Mathematics in the glass industry

Peter Howell has been working in Oxford on extensional thin layer flows with application to the glass industry for the last 20 years. He first studied the evolution of thin sheets and jets of viscous fluid by taking a mathematical limit where the aspect ratio (the ratio of the thickness to the length or width) is small, precisely the situation in the manufacture of glass windows, tubing and optical fibres, for example. The result of the research [1] is a systematic framework for reducing the full Navier-Stokes equations to a simplified lower-dimensional system, which gives greater insight into possible instabilities and allows for much more efficient computation. These simplified models allow glass processes to be more effectively controlled to produce flawless products with optimized properties and to avoid catastrophic process failures.

Another important facet of the University of Oxford’s glass modelling concerns the drawing of non-axisymmetric glass tubing. A key question is: what die shape is needed to make tubes of a given cross-sectional shape? Using ideas from perturbation theory and partial differential equations, Ian Griffiths and Peter Howell were able to solve this inverse problem explicitly [2,3], as shown in the figure below, which shows the die shape required to draw glass tubing with a square cross-section.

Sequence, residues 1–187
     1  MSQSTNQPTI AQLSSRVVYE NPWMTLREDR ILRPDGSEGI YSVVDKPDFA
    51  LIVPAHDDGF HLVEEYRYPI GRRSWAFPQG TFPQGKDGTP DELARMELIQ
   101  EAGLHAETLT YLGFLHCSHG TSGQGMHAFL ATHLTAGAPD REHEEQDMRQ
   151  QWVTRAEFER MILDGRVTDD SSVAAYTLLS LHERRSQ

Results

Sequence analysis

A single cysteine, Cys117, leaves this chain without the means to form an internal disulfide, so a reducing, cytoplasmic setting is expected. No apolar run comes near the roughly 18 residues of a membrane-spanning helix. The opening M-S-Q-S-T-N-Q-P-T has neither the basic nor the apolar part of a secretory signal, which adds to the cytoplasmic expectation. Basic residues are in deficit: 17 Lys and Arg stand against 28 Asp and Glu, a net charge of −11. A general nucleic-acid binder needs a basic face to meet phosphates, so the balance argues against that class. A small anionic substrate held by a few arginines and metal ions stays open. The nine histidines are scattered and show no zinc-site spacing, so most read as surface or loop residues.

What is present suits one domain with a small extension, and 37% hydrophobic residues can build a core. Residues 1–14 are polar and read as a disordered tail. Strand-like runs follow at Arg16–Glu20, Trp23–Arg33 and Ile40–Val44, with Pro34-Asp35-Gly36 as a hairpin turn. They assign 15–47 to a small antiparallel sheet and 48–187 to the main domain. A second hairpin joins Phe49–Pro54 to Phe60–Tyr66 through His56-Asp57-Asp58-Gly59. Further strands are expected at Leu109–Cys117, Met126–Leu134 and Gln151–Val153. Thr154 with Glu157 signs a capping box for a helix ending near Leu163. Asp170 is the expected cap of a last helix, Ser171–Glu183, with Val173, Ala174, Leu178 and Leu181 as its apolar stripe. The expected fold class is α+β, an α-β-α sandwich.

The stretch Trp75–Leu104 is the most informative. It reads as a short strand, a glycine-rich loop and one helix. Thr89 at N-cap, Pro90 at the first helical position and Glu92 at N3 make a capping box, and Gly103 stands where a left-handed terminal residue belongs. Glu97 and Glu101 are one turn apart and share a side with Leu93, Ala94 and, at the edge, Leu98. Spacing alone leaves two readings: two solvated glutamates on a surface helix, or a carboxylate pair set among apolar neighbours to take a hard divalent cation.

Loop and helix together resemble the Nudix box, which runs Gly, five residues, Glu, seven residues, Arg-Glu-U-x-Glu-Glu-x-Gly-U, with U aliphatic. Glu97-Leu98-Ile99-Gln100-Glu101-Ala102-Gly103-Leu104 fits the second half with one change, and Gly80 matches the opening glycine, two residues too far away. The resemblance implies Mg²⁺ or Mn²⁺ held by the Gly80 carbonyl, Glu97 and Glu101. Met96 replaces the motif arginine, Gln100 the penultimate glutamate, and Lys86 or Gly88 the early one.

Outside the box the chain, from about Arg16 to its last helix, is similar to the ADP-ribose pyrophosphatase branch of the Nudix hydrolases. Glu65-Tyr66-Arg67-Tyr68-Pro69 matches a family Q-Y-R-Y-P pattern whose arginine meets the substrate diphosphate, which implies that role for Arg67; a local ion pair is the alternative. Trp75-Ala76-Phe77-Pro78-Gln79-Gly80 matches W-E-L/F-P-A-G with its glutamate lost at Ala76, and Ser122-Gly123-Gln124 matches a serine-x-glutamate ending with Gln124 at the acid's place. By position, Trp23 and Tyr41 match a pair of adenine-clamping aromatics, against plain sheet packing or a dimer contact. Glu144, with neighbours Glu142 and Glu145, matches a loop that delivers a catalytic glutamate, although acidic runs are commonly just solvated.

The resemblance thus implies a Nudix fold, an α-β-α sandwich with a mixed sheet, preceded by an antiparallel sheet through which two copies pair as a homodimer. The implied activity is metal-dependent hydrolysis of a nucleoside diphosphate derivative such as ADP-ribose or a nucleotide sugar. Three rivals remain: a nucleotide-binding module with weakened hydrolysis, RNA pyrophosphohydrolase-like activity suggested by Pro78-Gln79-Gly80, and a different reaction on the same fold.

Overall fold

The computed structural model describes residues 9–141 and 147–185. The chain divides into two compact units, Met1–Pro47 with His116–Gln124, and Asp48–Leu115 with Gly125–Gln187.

glass_tubes2

Figure 1: Cross-sectional profile during fabrication of a square glass tube.

Current research within Oxford involves a collaboration with Schott AG and Oxford researchers Doireann O’Kiely, Chris BrewardIan Griffiths, and Peter Howell, in which mathematical models are being developed for the redraw process. Here, prefabricated glass blocks are drawn through a furnace and stretched. These mathematical models are able to predict the operating regimes for producing glass sheets with uniform thickness [4]. The resulting thin sheets are currently used in smartphone cameras and tablet computers, and the improvements afforded by modelling assist in reducing the fabrication costs.

To find out more on glass research in Oxford click here.

References
[1] P.D. Howell 1998 Models for thin viscous sheets, Euro. J. Appl. Math., 7, 321-343.
[2] I.M. Griffiths & P.D. Howell 2007 The surface-tension-driven evolution of a two-dimensional annular viscous tube, J. Fluid Mech.593, 181-208.
[3] I.M. Griffiths & P.D. Howell 2008 Mathematical modelling of non-axisymmetric capillary tube drawing, J. Fluid Mech., 605, 181-206.
[4] D. O’Kiely, C.J.W. Breward, I.M. Griffiths, P.D. Howell & U. Lange 2015 Edge behaviour in the glass sheet redraw process, J. Fluid Mech. (in press).

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